Offline and Online influencers are the clear two most significant channels for influence, with ‘social influencers’ a very distant third.

For B2B products & services costing >$1000 – average 68% of key influencers are primarily offline, 26% online, 5% social

For B2B products & services costing >$100 but less than $1000 – average 48% of key influencers primarily offline, 40% online, 12% social

Influencer50, the award-winning Influencer Identification, Engagement & Measurement firm announces the results of its Global B2B Influencer Survey 2013, conducted over one year across four continents. Over 36,000 B2B-oriented individuals were evaluated – the company’s largest aggregated survey to date. The survey seeks to identify the relative importance of offline, online and so-called ‘social influencers’ in B2B purchasing and adoption decisions.

Influencer50 amalgamated the results of 58 B2B research projects from Oct’12-Sept’13, across forty-one countries. Small but significant differences were found in the make-up of those top influencers from one continent to another.

This table shows through which channel the top B2B influencers (for all values of product & services) primarily influence (they can obviously influence across more than one channel, but only one channel was considered primary).

B2B sector Offline Online Social
US (aggregate) 60.7 31.3 7.7
US products & services >$1000 68 26 5
US products & services >$100 <$1000 48 40 12
Europe 62.9 29.8 7.3
AsiaPacific 56.8 33.7 9.5
Average 60.8% 31.2% 7.9%

(The Average totals in the table are weighted to take into account the scale of data from each region).
Offline Influence is defined as influence conducted through in-person meetings or conversations, either face-to-face or to a group, phone conversations, etc.
Online Influence is defined as influence conducted through online search results and/or browsing.
Social Influence is defined as influence conducted through, but not limited to, Twitter, Facebook, LinkedIn, Pinterest, etc.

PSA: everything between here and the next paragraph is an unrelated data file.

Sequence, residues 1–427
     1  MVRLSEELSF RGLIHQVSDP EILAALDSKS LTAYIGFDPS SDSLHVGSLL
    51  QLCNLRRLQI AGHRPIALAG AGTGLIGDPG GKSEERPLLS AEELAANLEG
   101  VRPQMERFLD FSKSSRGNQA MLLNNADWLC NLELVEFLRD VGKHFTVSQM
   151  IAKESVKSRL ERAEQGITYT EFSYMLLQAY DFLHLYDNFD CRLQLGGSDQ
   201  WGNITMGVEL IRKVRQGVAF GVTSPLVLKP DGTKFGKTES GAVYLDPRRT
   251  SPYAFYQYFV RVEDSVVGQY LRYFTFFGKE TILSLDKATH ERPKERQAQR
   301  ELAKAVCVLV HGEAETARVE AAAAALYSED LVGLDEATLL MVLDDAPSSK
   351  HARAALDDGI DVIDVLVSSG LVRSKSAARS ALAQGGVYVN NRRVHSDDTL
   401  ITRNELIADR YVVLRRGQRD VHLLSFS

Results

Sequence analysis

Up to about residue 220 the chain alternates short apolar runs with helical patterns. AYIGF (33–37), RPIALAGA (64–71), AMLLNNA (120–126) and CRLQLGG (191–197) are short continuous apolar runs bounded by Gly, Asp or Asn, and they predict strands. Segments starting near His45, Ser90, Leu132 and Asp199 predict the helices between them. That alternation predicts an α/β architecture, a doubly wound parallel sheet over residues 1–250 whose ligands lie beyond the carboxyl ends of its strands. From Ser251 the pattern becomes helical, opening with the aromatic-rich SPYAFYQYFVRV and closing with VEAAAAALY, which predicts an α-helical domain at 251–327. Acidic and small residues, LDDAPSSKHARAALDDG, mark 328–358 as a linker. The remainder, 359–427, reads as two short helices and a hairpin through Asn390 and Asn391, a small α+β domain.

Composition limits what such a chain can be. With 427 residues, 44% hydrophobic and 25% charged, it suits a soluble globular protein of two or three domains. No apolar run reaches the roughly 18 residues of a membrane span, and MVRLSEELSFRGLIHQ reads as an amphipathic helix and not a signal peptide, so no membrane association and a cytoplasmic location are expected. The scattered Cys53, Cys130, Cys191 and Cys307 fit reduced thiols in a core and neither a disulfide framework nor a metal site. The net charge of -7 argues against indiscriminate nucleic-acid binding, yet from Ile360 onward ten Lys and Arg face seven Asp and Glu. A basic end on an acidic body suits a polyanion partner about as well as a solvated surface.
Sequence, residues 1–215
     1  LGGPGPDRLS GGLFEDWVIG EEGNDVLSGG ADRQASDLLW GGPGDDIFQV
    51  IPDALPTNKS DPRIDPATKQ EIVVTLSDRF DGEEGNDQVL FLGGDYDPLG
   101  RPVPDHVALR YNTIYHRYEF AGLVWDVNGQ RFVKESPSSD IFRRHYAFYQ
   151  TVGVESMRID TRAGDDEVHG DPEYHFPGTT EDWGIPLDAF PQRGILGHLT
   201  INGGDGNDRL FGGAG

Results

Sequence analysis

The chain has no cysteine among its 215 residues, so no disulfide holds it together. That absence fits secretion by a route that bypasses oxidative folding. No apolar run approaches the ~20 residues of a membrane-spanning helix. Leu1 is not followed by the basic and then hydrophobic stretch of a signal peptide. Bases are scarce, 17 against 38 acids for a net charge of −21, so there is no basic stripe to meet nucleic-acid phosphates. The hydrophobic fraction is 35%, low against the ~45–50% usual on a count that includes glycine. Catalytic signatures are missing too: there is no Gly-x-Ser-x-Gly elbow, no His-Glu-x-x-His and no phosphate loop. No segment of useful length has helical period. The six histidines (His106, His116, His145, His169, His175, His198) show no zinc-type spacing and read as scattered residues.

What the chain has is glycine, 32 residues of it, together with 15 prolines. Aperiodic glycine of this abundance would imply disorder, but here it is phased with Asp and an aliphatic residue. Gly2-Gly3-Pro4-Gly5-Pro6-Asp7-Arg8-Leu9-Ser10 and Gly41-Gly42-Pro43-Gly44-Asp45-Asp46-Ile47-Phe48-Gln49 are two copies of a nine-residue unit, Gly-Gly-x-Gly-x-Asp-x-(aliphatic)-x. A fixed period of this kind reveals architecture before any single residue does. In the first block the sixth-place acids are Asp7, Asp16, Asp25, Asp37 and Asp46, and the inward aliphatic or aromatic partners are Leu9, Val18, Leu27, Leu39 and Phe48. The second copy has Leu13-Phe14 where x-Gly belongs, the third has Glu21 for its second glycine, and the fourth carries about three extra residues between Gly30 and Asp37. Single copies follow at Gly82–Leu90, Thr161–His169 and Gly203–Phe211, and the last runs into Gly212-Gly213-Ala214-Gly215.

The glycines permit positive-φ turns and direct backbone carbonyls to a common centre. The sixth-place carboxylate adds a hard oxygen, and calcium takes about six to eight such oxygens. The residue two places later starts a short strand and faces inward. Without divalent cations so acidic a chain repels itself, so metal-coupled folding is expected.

The survey results show that while influence conducted primarily through social media channels is significant, averaging almost 8% of the influence on B2B purchasers, it takes only a very distant third place to online and offline channels. And the numbers are not trending dramatically towards social media. Yet there remains overwhelmingly more industry ‘buzz’ about social channel influence than about offline influence.

“We just don’t understand why so much noise is being created by those talking about ‘social influence’ when it’s clear that B2B buyers aren’t actually listening. Just look at who’s contributing to those conversations – it’s all marketing agencies and contractors. All the sellers are on Twitter but that’s not where the B2B buyers are. Everyone seems to be conveniently ignoring that. The real influencers are much harder to find than simply trawling Twitter for who tweets most often. It’s apparently too much trouble for most people to track down the real influencers.” – Nick Hayes, Principal of Influencer50 Inc.

Influencer50, Influencer Marketing, Nick Hayes

As part of its research, Influencer50 also analysed the use of Twitter amongst its identified top influencers. While the majority of top influencers across each region did have their own Twitter account, less than one-half had posted any updates in the past two months, so making their account effectively inactive.

Percentage of top B2B influencers active on Twitter:

Own a Twitter account Posted in past two months
US 68% 36%
Europe 61% 29%
AsiaPacific 66% 27%

“There’s been so much talk over the past eighteen months about so-called ‘social influencers’. All these digital agencies have hijacked the term influencer marketing to relate to those on social platforms – mainly Twitter. That’s never jibed with our own experience of B2B purchase decision-making so we spent a year collating data on the subject.

“Social media may be having a very different effect in consumer sectors than it is in B2B. And it’s certainly reshaping our personal culture. But in the commercial sector the agenda for influencer marketing is being pushed by people with a vested interest – largely by digital marketing agencies who want to sell their clients on various social listening programs.”